There was a solid drizzle of rain all night and all morning. Having rode The Millstone Grind after torrential rains that made the trail a thick, greasy, peanut butter slop fest, I was full of confidence for riding wet trails.

I also knew this would be a disadvantage – as the course speed would be MUCH slower than I had originally anticipated. Stacey and Laura are both awesome climbers, and I was hoping to max out the descents to make up time, but with all the off camber roots on the downs – I’d have to be cautious and reel in my speed.

I pre-rode the course last wednesday. The trails were dry and I was FLYING. I haven’t raced the last couple weekends, so I’m really itching to GO.

It’s chilly and rainy, but I learned at Millstone that over dressing in the rain equals CERTAIN DEATH. So I keep to my usual race gear. I run through my usual warm up/ skills drills and I’m anxious to get this party started.

The drizzle lets up as we stage. The announcer starts us off. Jess jumps off the line and leads us up the gravel incline and through the creek. I’m sitting on her wheel, tight, too tight. Coming out of the creek her wheel slips and her bike pitches across my path. She comes to a complete stop to realign her bike and I have NO WHERE to go. I have to stop and let her move to the side. I hear Stacy giggle as she slips around us, along with a train of women.

No! No you don’t.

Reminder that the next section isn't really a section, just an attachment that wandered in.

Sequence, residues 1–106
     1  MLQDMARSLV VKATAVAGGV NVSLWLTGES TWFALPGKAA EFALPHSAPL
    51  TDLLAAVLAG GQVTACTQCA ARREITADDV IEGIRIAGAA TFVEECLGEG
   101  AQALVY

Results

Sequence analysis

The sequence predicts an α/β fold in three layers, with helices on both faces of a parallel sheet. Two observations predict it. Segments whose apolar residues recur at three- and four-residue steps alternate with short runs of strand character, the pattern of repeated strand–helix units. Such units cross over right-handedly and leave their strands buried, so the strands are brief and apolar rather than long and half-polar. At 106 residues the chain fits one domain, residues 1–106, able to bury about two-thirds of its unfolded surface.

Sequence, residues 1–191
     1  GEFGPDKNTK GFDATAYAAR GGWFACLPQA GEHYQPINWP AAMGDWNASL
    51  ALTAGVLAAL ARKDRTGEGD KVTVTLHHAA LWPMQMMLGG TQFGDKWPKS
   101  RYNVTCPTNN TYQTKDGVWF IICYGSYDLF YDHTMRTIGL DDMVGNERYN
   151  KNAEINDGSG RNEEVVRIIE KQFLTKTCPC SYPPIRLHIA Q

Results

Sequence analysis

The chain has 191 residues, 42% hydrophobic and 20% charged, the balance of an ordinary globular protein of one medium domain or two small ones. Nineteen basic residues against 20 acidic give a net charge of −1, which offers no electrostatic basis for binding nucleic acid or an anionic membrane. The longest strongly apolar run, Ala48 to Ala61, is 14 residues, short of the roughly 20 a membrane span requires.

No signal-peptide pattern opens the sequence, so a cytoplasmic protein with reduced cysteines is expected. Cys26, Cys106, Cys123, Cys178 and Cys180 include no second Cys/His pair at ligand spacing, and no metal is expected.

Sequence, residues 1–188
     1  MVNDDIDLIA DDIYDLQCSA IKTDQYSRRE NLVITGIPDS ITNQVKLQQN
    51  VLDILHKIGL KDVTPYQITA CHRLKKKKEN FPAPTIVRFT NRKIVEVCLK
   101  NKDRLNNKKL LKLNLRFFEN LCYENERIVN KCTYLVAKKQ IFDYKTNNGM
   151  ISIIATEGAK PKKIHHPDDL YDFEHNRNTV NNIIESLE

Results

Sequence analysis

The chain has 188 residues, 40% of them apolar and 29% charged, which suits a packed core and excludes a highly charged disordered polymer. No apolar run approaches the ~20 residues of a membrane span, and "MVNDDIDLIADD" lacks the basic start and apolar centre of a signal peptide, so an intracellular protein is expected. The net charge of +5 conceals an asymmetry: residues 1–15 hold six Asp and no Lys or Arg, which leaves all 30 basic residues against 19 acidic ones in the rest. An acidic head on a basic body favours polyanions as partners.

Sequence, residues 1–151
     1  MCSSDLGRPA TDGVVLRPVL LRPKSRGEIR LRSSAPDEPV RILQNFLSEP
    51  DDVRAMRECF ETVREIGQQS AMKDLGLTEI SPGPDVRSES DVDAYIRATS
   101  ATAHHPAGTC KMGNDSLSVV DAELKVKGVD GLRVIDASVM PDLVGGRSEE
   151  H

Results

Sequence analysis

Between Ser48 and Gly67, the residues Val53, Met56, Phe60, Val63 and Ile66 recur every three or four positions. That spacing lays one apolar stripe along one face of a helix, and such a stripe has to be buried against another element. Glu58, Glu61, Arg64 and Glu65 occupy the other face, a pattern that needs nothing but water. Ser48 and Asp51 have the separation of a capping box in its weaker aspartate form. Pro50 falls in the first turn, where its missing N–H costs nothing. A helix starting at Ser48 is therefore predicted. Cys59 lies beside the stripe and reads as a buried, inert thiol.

I jump back on and hit the gas, passing girls up the rooty climb.

I’m back in 2nd position, on Stacey’s wheel now. She’s powering up the climbs. I watch her inch further ahead with each rise. I keep calm and controlled, thinking I should be able to catch some ground on the descents. The first half of the lap is mostly climbing, and she slips from sight. I edge out of my comfort zone in the single track, but I’m making time, I can see her green helmet pop back into sight. Climbing and I lose her.

Suddenly Laura, who was missing from the start line, comes roaring by at mach speed. She catches me just before one of my favorite descents and I coast behind her, knowing there is little passing opportunities for a stretch. We hit the switchbacks at the bottom and her wheels wash out. She goes down (gently) and I slip by.

I trudge up the next climb and before long I’m in the twistys at the end of the lap. That was fast. I can see Stacy’s green helmet as the trail winds back on itself. I pass Art and he tells me she’s close!

The twisty’s are greasy, not much I can do here but keep it steady and upright.

Finally into the open gravel descent and I can let it go. I don’t see Stacey though. I pass the lap area and the spectators say she’s close.

I put some gas into it and head into lap 2.

As I start up the rooty climb I can feel my back starting to sieze up. The rear wheel slippage seems to inflame my lower back.

I don’t see Stacey and I’m starting to lose my drive when I pass my teammate Norm, who is having derailleur issues. He gets pedaling again as I pass and hangs onto my wheel for the remainder of the lap, giving me MUCH NEEDED encouragement and advice the entire way. I try to stretch out my back when I can, it’s so stiff already and I can’t generate my usual drive up the climbs.

We get to the end of the lap and he jumps in front to give me a draft. I grab his wheel, but the mud spraying off his wheel is pelting my eyes, covering my face. I can’t see. I have to drop his draft and slow way down to wipe my stinging eyes.

He pedals away.

I see him ahead and try to motivate myself to catch him. Half way through the lap I lose sight of him.

It’s just me and the bike for the rest of the race. The trail feels slipperier than the first lap – the mud now thicker, even though the drizzle has let up. I keep trucking and before I know it the race is over.

Last year Stacey beat me by 5 mins. This year it was 1:13.  PROGRESS.


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